Yorkshire and Humber AHSN partnered with the NHS England Accelerated Access Collaborative (AAC) to release some Pathway Transformation Funding to improve the rates of asthma diagnosis and management within non-English speaking populations in the region. To do this, they worked with Huddersfield University and a Respiratory Consultant at Mid Yorkshire Hospitals NHS Trust.

The issue here was clear. In Yorkshire and Humber you can find significant variation in access to basic asthma care across the area, specifically in different geographies, age groups and ethnicities.

Additionally, in some South Asian communities there is a stigma attached to asthma and to coughing. A diagnosis of asthma can be detrimental to a chance of marriage as there is the incorrect presumption that the coughing is contagious. There are common stories among patients of being housebound and missing important family events such as weddings and funerals.

Action taken

The initiative involved working with the AAC, Public Health, clinicians, pharmaceutical companies and asthma charities to produce patient information and resources in various languages. These leaflets are now hosted in a central location where patients and clinicians can access them as and when they need them.

Yorkshire and Humber AHSN and their partners worked with patients within the non-English speaking populations to evaluate and design additional resources. Patient focus groups and interviews ensured the information was relevant and addressed cultural barriers. Patients within the relevant communities also acted as clinical champions, promoting and disseminating the resources they helped to develop.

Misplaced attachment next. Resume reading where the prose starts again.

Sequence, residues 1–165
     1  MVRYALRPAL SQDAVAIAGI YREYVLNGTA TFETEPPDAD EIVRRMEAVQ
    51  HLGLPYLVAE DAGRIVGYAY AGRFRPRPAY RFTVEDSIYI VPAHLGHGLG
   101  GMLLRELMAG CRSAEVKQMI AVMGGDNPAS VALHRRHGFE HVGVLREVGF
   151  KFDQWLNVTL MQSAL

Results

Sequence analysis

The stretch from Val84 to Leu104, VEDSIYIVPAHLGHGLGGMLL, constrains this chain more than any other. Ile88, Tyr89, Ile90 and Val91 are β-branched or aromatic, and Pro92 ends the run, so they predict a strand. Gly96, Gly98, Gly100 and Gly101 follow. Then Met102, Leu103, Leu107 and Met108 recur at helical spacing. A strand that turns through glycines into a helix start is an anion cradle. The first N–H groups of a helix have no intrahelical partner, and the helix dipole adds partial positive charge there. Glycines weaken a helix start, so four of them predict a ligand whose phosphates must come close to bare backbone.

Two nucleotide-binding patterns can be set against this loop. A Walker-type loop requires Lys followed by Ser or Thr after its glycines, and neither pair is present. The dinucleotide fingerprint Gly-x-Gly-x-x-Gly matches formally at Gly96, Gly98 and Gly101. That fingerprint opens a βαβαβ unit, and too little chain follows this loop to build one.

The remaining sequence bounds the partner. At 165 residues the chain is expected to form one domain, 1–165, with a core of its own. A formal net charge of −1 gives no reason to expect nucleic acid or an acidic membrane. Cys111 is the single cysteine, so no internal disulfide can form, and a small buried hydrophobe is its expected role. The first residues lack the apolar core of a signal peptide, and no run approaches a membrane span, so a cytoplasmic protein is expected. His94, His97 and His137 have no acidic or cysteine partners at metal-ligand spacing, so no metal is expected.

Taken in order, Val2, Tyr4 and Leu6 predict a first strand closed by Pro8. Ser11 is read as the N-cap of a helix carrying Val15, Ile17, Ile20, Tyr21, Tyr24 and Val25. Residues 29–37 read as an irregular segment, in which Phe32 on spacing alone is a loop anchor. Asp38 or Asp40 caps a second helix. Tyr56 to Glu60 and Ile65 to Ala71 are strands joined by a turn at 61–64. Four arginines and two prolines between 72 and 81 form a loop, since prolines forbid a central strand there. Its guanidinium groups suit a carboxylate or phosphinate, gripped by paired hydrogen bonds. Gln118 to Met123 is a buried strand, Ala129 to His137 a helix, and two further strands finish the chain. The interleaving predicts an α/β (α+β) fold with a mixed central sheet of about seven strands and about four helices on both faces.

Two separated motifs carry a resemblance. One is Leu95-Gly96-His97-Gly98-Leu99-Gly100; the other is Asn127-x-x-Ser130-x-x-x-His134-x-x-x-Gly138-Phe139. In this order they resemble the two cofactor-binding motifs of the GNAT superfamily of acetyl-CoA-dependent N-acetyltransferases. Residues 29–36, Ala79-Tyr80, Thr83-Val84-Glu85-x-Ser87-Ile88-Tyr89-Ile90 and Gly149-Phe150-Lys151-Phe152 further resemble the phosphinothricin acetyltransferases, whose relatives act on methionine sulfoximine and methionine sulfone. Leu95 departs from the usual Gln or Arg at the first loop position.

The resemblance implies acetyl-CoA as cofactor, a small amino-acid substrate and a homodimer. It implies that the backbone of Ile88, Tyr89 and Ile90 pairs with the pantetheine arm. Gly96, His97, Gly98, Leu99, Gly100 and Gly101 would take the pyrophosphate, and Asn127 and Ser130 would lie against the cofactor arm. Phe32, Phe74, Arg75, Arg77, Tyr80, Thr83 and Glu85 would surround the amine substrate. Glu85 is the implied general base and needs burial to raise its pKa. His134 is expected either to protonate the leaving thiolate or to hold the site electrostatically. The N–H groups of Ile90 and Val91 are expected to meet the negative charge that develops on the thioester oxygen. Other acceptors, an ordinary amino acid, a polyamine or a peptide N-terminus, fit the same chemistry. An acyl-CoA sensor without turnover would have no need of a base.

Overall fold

The initiative also produced a heatmap that made it easier to identify the interdependencies of ethnicity, literacy, and respiratory health. You could overlay areas of deprivation in West Yorkshire with high prescribing data by GP, then enhance the map and add ethnic population percentages where English is not the main language. This made it clear where the health inequality hot spots lay.

Next steps

Yorkshire and Humber AHSN will remain working with their wider asthma network. They are continuing to identify opportunities to support asthma management for underserved populations.

Learnings

  • Not every objective was clear to the team at first. By working with patients to understand the cultural barriers and patient specific requirements, Yorkshire and Humber AHSN and their partners were able to identify further objectives for the programme.
  • A heatmap can enable a team to establish health inequality hotspots. For this initiative, it was particularly useful for community engagement and understanding the scale of the challenge.

 

Access more learning case studies – Diversity and Innovation Progress and Learning Report 2022.